The lack of diversity is still a big issue in the tech industry. I was reminded how much of an issue it is at Noord Group’s recent IT and Digital Leaders Dialogue in Manchester. Women must have made up less than two per cent of the delegates. They were so sparse it stood out like a sore thumb. The place was filled with grey haired and no-haired men. Looking back the the ethnicity mix was not great either.
As for Noord, the conference organisers, their gender balance was much better which just made the position in our industry look worse. There are no excuses. We need to do better, but what and how?
My role that day was to take part in a fireside chat about addressing the IT skills gap and promoting cultural change. Mark, the moderator of the conversation saved us from the dreaded ‘manel’ by inviting Emma, one of his colleagues to join us.
She made us laugh by saying that there is nothing sadder than a dance at a data centre conference. The image of room full of dad dancers made us all shudder. Yet she had a valid point. Why would any women want to come along to such an event? Why would women want to join an industry where they are subtly but clearly not made welcome.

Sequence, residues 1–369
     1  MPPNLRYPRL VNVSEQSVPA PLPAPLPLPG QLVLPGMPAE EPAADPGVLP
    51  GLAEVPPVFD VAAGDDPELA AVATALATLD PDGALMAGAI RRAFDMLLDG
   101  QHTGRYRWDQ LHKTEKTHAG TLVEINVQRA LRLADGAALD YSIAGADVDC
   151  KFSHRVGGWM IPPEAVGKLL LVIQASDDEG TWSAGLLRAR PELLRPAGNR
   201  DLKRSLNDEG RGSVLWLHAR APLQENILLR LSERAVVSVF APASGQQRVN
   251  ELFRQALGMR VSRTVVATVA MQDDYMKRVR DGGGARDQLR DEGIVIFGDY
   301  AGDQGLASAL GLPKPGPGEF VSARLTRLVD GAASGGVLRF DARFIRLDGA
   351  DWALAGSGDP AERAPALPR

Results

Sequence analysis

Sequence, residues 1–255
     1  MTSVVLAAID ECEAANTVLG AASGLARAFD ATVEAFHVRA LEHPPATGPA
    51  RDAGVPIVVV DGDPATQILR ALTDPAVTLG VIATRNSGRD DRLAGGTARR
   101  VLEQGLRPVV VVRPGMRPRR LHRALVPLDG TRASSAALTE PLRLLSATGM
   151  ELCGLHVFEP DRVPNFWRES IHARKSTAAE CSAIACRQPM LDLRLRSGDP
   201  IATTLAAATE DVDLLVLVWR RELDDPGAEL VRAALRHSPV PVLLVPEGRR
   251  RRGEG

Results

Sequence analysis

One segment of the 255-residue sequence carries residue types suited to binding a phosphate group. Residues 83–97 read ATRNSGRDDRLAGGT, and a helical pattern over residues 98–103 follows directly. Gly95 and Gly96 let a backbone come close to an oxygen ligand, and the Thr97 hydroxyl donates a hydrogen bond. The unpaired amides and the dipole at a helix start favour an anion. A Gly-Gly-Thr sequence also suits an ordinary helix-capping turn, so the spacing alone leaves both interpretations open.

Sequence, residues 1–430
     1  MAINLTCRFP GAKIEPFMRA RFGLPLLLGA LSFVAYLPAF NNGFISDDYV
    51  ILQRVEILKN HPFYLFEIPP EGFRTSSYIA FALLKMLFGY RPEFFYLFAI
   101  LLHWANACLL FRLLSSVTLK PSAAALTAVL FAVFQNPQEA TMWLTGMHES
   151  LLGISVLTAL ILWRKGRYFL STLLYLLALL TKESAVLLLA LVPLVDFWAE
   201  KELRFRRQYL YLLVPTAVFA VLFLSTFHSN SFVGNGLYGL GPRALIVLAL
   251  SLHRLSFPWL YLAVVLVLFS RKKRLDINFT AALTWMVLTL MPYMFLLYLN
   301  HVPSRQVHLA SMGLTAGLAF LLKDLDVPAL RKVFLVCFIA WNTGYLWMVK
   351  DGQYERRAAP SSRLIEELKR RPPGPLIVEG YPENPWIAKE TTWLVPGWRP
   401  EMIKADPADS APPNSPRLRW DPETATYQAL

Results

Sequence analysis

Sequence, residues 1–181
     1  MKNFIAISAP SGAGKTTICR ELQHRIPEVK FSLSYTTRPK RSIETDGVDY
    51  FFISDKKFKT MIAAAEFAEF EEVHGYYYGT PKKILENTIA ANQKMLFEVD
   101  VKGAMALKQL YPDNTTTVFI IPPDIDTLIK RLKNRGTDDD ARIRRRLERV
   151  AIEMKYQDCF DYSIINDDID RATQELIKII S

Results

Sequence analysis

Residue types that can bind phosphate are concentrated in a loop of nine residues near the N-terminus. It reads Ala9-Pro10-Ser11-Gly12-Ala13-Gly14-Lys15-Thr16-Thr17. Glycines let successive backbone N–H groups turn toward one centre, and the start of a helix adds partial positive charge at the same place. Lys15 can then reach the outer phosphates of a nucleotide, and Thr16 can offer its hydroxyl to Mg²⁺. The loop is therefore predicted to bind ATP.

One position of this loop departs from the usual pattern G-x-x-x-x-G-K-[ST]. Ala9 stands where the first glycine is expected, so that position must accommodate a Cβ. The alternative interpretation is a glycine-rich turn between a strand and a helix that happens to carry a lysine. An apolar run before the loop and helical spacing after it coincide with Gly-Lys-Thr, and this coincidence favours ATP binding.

Later, one of the questions to the group was how you balance the need for experience and the shortage of skills. Many adverts ask for five years experience. I was reminded how men are much more inclined to exaggerate their abilities while women are the other way round. Emma did confirm this and so I think I was on safe ground.
A man is much more likely to apply for a job which requires lengthy experience even if he didn’t have it while a women is less likely to. The act of advertising in this way was much more likely to attract male candidates than female.
These two points have made me realise that it is probably the little things that we need to correct if we are to promote greater diversity in tech. We need to create environments and adverts that are attractive to all comers.
Above all though, we need to take dancing lessons.